Critical OpenSSL vulnerability could allow attackers to intercept secure communications with the new Alternative Chains Certificate Forgery Vulnerability (CVE-2015-1793)
A critical new vulnerability in OpenSSL could allow attackers to intercept secure communications by tricking a targeted computer into accepting a bogus digital certificate as valid. This could facilitate man-in-the-middle (MITM) attacks, where attackers could listen in on connections with secure services such as banks or email services.
OpenSSL is one of the most widely used implementations of the SSL and TLS cryptographic protocols. Open-source software, it is used widely on internet-facing devices, including two thirds of all web servers.
The new Alternative Chains Certificate Forgery Vulnerability (CVE-2015-1793) was patched today in a security update issued by the OpenSSL project (https://www.openssl.org/news/secadv_20150709.txt) . The vulnerability relates to OpenSSL’s certificate verification process. SSL certificates are issued in chains, moving from the root certificate authority (CA) through a number of intermediate CAs down to the end user certificate, known as the leaf certificate. If a connecting device cannot establish if a certificate has been issued by a trusted CA, it will move another step up the chain until it finds a trusted CA. If it doesn’t, it will return an error message and a secure connection will be denied.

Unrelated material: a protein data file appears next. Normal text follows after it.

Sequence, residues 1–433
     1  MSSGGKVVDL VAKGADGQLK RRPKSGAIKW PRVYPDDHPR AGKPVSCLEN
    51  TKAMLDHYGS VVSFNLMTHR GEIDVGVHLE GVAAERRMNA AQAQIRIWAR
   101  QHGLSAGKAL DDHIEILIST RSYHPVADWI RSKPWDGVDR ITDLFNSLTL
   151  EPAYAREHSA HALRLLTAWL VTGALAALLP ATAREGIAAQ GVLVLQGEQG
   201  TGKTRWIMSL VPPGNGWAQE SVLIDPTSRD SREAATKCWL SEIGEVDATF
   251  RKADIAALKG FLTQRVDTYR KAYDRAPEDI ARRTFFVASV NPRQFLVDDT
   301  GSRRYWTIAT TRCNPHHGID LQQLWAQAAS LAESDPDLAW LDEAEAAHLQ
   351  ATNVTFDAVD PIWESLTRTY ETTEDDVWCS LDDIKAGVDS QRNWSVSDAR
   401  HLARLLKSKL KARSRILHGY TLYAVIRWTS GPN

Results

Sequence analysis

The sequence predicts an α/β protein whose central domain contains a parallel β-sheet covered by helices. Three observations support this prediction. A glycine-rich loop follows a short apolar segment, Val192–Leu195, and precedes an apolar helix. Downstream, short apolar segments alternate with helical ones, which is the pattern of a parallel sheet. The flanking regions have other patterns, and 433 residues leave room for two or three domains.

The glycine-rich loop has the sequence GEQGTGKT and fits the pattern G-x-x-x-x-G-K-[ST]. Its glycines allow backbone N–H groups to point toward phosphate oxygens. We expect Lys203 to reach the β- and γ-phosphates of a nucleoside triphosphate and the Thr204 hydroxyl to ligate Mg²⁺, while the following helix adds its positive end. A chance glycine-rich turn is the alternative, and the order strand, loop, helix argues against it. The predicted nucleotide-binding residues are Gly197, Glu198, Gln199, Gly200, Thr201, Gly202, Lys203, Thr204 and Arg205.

For more information please read the blog post at : http://www.symantec.com/connect/blogs/critical-openssl-vulnerability-could-allow-attackers-intercept-secure-communications